Plan for at-risk kids fails, but gets new chance

The Associated Press
Friday October 13, 2000

SACRAMENTO — A residential charter school that would use organic gardening to try to turn troubled teens around failed to win approval from the state Education Board Thursday, but will get another chance. 

Several board members were absent and backers of the proposed Blue Mountain Wilderness Program at Camp Connell in Calaveras County were told to return for another vote at the November board meeting. 

One board member, Robert Abernethy of Manhattan Beach, said he believes such teens should be dumped on the streets. But he said he was so impressed with the proposal that he donated $1,000 to help the effort. 

The Blue Mountain proposal comes as the state Board of Education grapples with approving the first state-chartered schools. 

The more than 300 charter schools approved since 1993 have all been chartered by local school districts or county offices of education.  

A 1999 law allows proponents turned down by local boards to ask the state board to charter them. 

The board is working on a policy on how to evaluate such proposals and – more critically – how to monitor them after approval. Adoption of such a policy is several months away, but the board is voting on appeals in the meantime. 

A vote scheduled Thursday on another charter proposal, the Ridgecrest Charter School in the northeast Kern County desert, was also postponed until November. State officials and proponents are still working on changes, particularly in special education, that the board requested last month. 

Blue Mountain backers want to combine a “serene, summer camp-style residential program” for at-risk teens or those in trouble with courts with a charter school that would emphasize environmental studies. 

The charter school would include regular academic subjects, environmental education and life skill and vocational training.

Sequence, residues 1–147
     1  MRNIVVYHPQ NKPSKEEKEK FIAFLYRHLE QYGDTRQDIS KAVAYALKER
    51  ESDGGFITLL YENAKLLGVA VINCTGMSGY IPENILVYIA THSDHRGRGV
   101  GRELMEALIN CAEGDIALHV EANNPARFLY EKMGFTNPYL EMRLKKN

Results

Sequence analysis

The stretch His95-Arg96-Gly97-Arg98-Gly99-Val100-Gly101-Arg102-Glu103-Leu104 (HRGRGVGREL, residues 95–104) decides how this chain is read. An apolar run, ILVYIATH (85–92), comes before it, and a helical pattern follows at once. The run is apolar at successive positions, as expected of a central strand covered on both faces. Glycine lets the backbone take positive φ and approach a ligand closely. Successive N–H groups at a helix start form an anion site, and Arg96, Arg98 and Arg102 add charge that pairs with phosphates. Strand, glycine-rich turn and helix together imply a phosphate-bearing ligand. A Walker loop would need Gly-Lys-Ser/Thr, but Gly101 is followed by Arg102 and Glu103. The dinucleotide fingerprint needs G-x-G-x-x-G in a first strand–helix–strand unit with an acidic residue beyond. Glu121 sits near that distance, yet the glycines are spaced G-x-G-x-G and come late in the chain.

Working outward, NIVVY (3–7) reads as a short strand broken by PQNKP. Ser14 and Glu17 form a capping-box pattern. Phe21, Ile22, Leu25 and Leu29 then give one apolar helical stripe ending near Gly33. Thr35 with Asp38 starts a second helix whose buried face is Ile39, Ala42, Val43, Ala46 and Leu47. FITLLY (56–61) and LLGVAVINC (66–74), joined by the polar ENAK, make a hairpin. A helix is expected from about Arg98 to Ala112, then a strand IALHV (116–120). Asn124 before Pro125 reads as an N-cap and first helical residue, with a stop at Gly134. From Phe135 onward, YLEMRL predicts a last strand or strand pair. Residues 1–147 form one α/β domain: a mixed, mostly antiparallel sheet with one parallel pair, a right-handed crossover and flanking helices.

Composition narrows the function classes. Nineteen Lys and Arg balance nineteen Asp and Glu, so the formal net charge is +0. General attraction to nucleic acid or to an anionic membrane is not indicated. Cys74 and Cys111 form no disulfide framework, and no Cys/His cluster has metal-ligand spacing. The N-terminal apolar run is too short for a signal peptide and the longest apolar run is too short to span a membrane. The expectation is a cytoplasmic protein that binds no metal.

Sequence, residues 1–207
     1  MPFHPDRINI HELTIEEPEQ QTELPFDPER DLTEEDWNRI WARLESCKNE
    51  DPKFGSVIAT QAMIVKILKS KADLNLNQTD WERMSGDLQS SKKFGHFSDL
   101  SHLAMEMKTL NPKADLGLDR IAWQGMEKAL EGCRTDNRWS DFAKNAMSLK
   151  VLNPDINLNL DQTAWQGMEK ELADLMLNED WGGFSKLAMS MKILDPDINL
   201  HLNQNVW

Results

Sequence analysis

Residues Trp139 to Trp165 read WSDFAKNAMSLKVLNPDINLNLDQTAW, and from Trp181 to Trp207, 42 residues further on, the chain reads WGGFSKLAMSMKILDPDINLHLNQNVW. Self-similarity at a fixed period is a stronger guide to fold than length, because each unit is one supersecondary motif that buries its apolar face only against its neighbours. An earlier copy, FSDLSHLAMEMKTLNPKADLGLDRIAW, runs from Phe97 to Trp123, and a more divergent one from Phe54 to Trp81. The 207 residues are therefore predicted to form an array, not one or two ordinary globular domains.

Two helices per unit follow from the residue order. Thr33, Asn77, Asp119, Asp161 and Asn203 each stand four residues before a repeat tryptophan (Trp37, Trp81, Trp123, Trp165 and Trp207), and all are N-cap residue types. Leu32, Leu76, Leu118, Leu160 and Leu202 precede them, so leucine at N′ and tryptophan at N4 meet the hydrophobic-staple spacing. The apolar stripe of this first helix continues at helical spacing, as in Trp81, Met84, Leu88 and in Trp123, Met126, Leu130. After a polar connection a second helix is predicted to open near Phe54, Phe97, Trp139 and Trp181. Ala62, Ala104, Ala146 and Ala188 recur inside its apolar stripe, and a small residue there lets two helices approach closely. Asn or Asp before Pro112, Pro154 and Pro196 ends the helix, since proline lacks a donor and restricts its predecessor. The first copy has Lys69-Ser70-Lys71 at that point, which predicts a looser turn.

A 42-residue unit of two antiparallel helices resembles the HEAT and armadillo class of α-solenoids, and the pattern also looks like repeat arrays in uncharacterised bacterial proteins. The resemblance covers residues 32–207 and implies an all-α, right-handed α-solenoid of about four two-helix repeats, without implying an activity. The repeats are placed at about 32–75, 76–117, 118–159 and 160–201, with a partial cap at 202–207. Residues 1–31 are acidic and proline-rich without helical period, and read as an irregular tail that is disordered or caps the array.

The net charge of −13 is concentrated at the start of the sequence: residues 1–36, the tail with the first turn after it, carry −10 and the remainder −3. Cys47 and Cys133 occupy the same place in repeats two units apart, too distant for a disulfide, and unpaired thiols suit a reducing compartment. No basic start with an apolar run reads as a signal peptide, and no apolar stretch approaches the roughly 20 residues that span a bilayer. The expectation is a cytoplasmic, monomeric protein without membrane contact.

Students would study sustainable living by working on an organic farm, building a home made of straw bales and using alternative energy sources, the plan says. 

“Through regular garden work, students will learn about the organic certification process, soil restoration, plant selection, biological pest control and harvesting,” the plan says. The crops would be eaten by the teens, sold at local farmers’ markets and donated to charities. 

The organizers are applying next week for a group home license with the state Department of Social Services to initially house six teens. 

The proposal was rejected last March by the Alameda County Board of Education, which said the school was too far away for it to supervise. 

Blue Mountain founder Jake Wallace said he went to Alameda County, which has hundreds of troubled teens who are regularly sent to out-of-county programs, after he was turned down three times by the Calaveras County Board of Education. 

Calaveras County Superintendent John Brophy told the state board that his board was not opposed to Blue Mountain’s concept, but worries about the complications of linking a group home, funded with state welfare funds, with a charter school, funded with school funds. 

“My board was very nervous about the financial implications,” Brophy said. 

The state board members, while they applauded the idea, were also nervous about the complex proposal. 

“We could easily have a mess on our hands in terms of logistics,” said member Reed Hastings of Santa Cruz, who is a strong charter school backer.  

“It feels overambitious to me.” 

Hastings and state school Superintendent Delaine Eastin offered to help Wallace refine his proposal or find a more hospitable local board. 

“I hope you succeed,” Eastin said. 

Abernethy argued for giving Blue Mountain a state charter, with an argument that shocked the audience in the board’s meeting room. 

“I believe we’re wasting time on the bottom 1 to 2 percent who are behind problems and we really should put them out on the street,” he said. 

But, Abernethy added, “It makes my heart warm to see someone who wants to tackle them.” 

“I’ll bet they were already dumped on the street,” commented board member Marion Joseph. 

“I’d rather put the parents of some kids on the street,” added Eastin. 

After the vote, Abernethy held up a $1,000 check for the backers. 

Wallace said afterward that he would evaluate the proposal and may make changes before the November meeting. 

On the Net: 

Read about charter schools at http://www.cde.ca.gov/charter 

Read about Blue Mountain at http://www.blue-mountain.org